Methods : A total of 430 women from Kenya, Rwanda and South Africa were studied cross-sectionally. Vaginal carriage of GBS and E. coli, and GBS serotype were assessed using molecular techniques. Risk factors for carriage were identified using multivariable logistic regression analysis. 
Results : Vaginal carriage rates in reference groups from Kenya and South Africa were 20.2\% (95\% CI, 13.7-28.7\%) and 23.1\%(95\% CI, 16.2-31.9\%), respectively for GBS; and 25.0\% (95\% CI, 17.8-33.9\%) and 27.1\%(95\% CI, 19.6-36.2\%), respectively for E. coli. GBS serotypes Ia (36.8\%), V (26.3\%) and III (14.0\%) were most prevalent. Factors independently associated with GBS and E. coli carriage were Candida albicans, an intermediate vaginal microbiome, bacterial vaginosis, recent vaginal intercourse, vaginal washing, cervical ectopy and working as a sex worker. GBS and E. coli carriage were positively associated. 
Conclusions : Reduced vaginal GBS carriage rates might be accomplished by advocating behavioral changes such as abstinence from sexual intercourse and by avoidance of vaginal washing during late pregnancy. It might be advisable to explore the inclusion of vaginal carriage of C. albicans, GBS, E. coli and of the presence of cervical ectopy in a risk- and/or screening-based administration of antibiotic prophylaxis. Current phase II GBS vaccines (a trivalent vaccine targeting serotypes Ia, Ib, and III, and a conjugate vaccine targeting serotype III) would not protect the majority of women against carriage in our study population.},
  articleno    = {e0148052},
  author       = {Cools, Piet and Jespers, Vicky and Hardy, Liselotte and Crucitti, Tania and Delany-Moretlwe, Sinead and Mwaura, Mary Mwaura and Ndayisaba, Gilles F and van de Wijgert, Janneke HHM and Vaneechoutte, Mario},
  issn         = {1932-6203},
  journal      = {PLOS ONE},
  keyword      = {MULTIPLEX PCR ASSAY,ONSET NEONATAL SEPSIS,LOWER GENITAL-TRACT,PREGNANT-WOMEN,BACTERIAL VAGINOSIS,CERVICAL ECTOPY,AFRICAN WOMEN,ANTIMICROBIAL RESISTANCE,INTRAUTERINE-DEVICE,SAMPLING TECHNIQUES,Escherchia coli,Vaginal microbiology,group B streptococci},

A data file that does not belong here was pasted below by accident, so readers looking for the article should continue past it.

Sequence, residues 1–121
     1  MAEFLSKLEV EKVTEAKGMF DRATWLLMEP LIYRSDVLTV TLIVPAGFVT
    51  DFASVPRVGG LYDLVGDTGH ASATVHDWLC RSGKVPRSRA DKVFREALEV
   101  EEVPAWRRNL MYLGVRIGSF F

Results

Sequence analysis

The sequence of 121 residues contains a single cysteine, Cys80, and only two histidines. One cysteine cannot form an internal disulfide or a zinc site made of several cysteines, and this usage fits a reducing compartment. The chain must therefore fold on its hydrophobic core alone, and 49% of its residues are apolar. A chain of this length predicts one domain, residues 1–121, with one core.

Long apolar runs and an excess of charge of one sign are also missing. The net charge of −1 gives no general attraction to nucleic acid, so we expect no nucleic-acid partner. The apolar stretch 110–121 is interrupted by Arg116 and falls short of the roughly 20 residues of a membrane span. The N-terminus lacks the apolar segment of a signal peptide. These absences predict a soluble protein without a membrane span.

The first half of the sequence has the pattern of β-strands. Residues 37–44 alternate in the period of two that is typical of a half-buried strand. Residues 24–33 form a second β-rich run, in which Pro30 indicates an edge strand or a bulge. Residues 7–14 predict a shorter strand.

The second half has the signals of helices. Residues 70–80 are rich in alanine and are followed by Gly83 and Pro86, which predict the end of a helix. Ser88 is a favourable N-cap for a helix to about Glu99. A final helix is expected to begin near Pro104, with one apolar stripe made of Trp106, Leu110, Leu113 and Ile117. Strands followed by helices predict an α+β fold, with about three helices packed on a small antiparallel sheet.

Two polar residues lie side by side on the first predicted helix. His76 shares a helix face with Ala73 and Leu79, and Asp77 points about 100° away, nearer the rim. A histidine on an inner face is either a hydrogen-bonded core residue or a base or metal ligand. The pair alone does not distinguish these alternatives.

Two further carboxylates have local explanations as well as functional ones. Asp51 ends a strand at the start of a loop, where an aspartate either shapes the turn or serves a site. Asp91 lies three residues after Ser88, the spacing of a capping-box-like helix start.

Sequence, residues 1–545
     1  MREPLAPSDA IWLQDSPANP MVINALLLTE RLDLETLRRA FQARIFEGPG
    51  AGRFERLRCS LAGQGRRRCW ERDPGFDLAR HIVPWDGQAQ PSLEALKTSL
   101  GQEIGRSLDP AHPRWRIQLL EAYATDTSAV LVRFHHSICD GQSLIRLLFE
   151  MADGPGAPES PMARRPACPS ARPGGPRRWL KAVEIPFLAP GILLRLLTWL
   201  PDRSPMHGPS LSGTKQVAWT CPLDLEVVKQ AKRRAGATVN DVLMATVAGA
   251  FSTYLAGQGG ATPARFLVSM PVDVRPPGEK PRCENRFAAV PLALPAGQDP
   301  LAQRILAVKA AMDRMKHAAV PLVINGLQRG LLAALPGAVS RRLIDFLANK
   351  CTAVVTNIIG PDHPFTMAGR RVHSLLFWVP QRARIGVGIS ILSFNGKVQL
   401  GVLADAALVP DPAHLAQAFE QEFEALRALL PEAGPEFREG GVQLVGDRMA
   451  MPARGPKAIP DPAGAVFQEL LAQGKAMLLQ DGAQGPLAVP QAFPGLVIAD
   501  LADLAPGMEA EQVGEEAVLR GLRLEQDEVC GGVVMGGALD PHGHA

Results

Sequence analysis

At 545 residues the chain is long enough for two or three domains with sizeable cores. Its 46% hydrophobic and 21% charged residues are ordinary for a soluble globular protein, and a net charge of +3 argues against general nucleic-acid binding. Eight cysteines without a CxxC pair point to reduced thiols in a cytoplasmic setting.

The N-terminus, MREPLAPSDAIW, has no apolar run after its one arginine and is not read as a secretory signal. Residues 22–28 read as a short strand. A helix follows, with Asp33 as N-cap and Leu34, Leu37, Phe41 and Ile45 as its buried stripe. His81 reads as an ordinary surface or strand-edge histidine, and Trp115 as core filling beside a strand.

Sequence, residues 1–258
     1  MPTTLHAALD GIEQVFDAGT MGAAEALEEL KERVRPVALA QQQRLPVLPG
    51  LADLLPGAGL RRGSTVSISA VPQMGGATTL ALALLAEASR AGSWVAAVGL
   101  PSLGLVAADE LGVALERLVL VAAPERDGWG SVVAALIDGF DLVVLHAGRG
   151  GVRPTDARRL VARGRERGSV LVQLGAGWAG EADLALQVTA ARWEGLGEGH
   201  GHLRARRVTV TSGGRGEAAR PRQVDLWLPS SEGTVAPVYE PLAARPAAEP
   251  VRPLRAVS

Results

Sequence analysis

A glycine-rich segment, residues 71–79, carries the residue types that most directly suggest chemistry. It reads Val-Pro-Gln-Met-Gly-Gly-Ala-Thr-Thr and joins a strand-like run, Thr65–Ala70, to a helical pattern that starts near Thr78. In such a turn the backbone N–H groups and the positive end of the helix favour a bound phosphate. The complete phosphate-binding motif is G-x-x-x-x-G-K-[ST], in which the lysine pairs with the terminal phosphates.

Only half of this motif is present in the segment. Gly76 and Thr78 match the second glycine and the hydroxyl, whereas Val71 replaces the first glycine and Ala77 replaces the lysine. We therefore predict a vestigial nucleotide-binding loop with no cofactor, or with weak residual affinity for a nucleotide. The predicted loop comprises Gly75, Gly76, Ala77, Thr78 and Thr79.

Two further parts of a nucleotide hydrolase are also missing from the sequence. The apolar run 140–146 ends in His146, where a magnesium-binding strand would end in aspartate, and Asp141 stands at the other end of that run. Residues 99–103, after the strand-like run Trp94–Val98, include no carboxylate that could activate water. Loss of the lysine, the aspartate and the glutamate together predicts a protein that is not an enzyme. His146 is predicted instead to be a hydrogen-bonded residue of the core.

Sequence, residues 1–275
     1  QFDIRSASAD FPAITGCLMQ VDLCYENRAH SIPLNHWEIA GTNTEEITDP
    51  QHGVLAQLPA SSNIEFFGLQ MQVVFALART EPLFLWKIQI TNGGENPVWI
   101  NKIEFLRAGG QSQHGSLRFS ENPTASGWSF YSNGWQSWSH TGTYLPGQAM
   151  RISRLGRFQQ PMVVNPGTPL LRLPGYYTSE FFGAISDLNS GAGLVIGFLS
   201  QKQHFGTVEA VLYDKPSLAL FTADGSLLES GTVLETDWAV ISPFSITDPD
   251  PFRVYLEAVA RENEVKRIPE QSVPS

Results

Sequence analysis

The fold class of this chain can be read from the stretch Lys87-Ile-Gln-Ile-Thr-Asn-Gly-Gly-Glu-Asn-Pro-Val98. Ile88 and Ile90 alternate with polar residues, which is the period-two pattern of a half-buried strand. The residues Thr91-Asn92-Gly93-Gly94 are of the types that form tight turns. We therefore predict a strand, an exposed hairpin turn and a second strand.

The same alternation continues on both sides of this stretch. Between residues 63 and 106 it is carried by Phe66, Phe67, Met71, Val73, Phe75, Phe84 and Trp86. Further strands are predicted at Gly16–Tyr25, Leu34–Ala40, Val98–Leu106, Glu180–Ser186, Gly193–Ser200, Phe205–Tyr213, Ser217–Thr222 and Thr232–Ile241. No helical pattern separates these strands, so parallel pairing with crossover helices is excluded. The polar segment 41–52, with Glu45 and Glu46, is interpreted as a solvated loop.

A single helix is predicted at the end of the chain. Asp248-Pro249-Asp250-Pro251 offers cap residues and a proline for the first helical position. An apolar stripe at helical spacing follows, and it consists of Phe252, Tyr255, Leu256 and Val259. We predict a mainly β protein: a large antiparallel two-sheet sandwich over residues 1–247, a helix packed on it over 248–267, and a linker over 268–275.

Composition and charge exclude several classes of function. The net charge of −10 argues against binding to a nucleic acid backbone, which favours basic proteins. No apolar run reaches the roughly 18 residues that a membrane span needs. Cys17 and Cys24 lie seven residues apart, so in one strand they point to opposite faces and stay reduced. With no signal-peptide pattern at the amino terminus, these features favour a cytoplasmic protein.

language     = {eng},
  number       = {1},
  pages        = {30},
  title        = {A multi-country cross-sectional study of vaginal carriage of group B Streptococci (GBS) and Escherichia coli in resource-poor settings : prevalences and risk factors},
  url          = {http://dx.doi.org/10.1371/journal.pone.0148052},
  volume       = {11},
  year         = {2016},
}

Chicago
Cools, Piet, Vicky Jespers, Liselotte Hardy, Tania Crucitti, Sinead Delany-Moretlwe, Mary Mwaura Mwaura, Gilles F Ndayisaba, Janneke HHM van de Wijgert, and Mario Vaneechoutte. 2016. “A Multi-country Cross-sectional Study of Vaginal Carriage of Group B Streptococci (GBS) and Escherichia Coli in Resource-poor Settings : Prevalences and Risk Factors.” Plos One 11 (1).
APA
Cools, Piet, Jespers, V., Hardy, L., Crucitti, T., Delany-Moretlwe, S., Mwaura, M. M., Ndayisaba, G. F., et al. (2016). A multi-country cross-sectional study of vaginal carriage of group B Streptococci (GBS) and Escherichia coli in resource-poor settings : prevalences and risk factors. PLOS ONE, 11(1).
Vancouver
1.
Cools P, Jespers V, Hardy L, Crucitti T, Delany-Moretlwe S, Mwaura MM, et al. A multi-country cross-sectional study of vaginal carriage of group B Streptococci (GBS) and Escherichia coli in resource-poor settings : prevalences and risk factors. PLOS ONE. 2016;11(1).
MLA
Cools, Piet, Vicky Jespers, Liselotte Hardy, et al. “A Multi-country Cross-sectional Study of Vaginal Carriage of Group B Streptococci (GBS) and Escherichia Coli in Resource-poor Settings : Prevalences and Risk Factors.” PLOS ONE 11.1 (2016): n. pag. Print.